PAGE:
The fallout from the Bernie Madoff Ponzi scheme is certain to affect the Mets and perhaps the Brooklyn Cyclones, as team owners and members of the team’s board of directors had literally hundreds of accounts with the fallen investment guru.
The fallout from the Bernie Madoff Ponzi scheme is certain to affect the Mets, as team owners and members of the team’s board of directors had literally hundreds of accounts with the fallen investment guru.
You know the story of former investment guru Bernard Madoff, who ended up not being the shrewd financial wizard everyone assumed but rather the tip of one of the largest Ponzi schemes in world history. (A Ponzi scheme relies on money from new customers, rather than return on existing investments, to satisfy money owed to previous investors.)
And various folks associated with the New York Mets and Brooklyn Cyclones (short season; NY-Penn League) were heavily invested with Madoff. Over 14,000 individuals and trusts were invested with Madoff, according to a list released Wednesday, and in those listings were hundreds of accounts associated with the Wilpon family, Sterling Equities (the corporation controlled by the Wilpons that owns, among other things, the Cyclones) and the Mets. In fact, there are 13 Mets accounts on record, including the team’s charitable foundation.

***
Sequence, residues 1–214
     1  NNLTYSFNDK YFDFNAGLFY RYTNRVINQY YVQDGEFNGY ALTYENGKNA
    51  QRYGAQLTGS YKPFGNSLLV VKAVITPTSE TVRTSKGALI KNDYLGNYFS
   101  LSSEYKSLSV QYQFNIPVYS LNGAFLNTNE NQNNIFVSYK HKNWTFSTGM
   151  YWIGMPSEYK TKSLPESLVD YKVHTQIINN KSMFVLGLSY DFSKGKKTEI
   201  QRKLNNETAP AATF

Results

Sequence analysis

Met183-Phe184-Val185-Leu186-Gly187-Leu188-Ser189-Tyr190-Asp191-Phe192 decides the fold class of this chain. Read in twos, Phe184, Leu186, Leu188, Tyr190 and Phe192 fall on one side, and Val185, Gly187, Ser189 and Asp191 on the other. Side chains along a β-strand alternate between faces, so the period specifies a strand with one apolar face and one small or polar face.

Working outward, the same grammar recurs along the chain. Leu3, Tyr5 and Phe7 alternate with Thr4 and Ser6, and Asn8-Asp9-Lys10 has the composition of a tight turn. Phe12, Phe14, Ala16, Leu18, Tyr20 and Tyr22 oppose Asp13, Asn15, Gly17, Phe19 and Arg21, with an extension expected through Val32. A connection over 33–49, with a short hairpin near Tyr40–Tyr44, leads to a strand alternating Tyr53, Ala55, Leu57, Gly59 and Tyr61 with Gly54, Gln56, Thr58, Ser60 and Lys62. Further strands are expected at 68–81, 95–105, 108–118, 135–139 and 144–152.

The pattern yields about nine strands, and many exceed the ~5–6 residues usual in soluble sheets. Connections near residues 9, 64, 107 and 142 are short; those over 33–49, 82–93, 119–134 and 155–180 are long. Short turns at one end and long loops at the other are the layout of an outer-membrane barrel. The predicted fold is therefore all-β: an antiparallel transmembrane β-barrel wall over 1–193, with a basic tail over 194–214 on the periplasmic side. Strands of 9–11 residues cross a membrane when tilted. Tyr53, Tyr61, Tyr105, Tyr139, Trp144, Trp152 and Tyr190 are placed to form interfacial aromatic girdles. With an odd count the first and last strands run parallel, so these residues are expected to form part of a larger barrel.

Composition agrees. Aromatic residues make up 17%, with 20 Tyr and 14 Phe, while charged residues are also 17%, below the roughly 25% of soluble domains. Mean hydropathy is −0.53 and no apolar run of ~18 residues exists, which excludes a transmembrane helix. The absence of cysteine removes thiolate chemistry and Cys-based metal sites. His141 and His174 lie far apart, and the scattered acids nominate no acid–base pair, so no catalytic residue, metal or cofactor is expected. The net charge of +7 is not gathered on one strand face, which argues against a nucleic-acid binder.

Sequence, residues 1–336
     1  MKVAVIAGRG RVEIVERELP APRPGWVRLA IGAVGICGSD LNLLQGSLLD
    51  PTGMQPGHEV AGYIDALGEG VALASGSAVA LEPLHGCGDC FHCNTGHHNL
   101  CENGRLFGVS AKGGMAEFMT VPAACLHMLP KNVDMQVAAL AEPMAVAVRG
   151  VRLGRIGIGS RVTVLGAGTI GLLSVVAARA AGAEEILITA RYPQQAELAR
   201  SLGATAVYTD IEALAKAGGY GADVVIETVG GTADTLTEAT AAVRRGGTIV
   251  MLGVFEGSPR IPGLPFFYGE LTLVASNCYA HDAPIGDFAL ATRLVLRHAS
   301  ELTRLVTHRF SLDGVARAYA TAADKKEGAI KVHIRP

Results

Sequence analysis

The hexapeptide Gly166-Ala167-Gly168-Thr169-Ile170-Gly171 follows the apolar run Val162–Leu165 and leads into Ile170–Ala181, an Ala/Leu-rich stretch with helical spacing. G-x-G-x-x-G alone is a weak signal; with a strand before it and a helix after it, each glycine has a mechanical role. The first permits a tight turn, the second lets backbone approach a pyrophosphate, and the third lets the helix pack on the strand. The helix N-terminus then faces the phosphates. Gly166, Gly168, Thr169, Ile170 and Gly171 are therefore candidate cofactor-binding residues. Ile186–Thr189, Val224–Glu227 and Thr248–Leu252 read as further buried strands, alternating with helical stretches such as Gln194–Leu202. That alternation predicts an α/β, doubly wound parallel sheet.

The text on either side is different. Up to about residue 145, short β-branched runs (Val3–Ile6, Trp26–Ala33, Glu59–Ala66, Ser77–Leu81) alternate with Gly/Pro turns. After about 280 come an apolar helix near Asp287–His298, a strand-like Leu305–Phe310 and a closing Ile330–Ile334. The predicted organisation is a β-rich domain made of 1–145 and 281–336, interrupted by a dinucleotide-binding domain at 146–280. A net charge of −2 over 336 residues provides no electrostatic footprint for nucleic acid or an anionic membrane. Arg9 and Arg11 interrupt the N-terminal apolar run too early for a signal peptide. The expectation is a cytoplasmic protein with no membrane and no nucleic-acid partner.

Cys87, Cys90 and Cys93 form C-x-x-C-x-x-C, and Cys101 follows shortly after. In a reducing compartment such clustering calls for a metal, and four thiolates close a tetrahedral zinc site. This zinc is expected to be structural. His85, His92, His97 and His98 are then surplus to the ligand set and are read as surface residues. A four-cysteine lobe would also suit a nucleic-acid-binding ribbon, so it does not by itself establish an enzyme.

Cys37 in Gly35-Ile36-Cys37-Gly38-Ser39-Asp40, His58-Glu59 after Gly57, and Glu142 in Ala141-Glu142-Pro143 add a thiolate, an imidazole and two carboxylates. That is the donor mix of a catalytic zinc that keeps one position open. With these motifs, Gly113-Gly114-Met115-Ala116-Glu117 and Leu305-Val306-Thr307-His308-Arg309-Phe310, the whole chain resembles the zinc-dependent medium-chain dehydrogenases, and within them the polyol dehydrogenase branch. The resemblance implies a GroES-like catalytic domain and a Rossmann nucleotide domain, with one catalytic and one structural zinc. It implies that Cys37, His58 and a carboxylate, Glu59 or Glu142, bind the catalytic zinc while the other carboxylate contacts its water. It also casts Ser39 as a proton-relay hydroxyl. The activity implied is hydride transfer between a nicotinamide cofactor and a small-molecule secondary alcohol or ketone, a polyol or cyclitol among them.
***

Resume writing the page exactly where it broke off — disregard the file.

The Mets ownership has had a pretty rough week; on this score, the response is that the personal finances of the Wilpons are private, and that they’ll be ready to face the 2009 season in good shape. Perhaps. But we’re guessing the commissioner’s office has already made a few inquiries about precisely what’s happening with the team’s financial books, as the team faces a harsh financial picture for the season, between a $145 million payroll and debt payment starting on a new ballpark. That Citibank money looms awfully large right now, and maybe the lack of available cash is why Manny Ramirez still sits unemployed.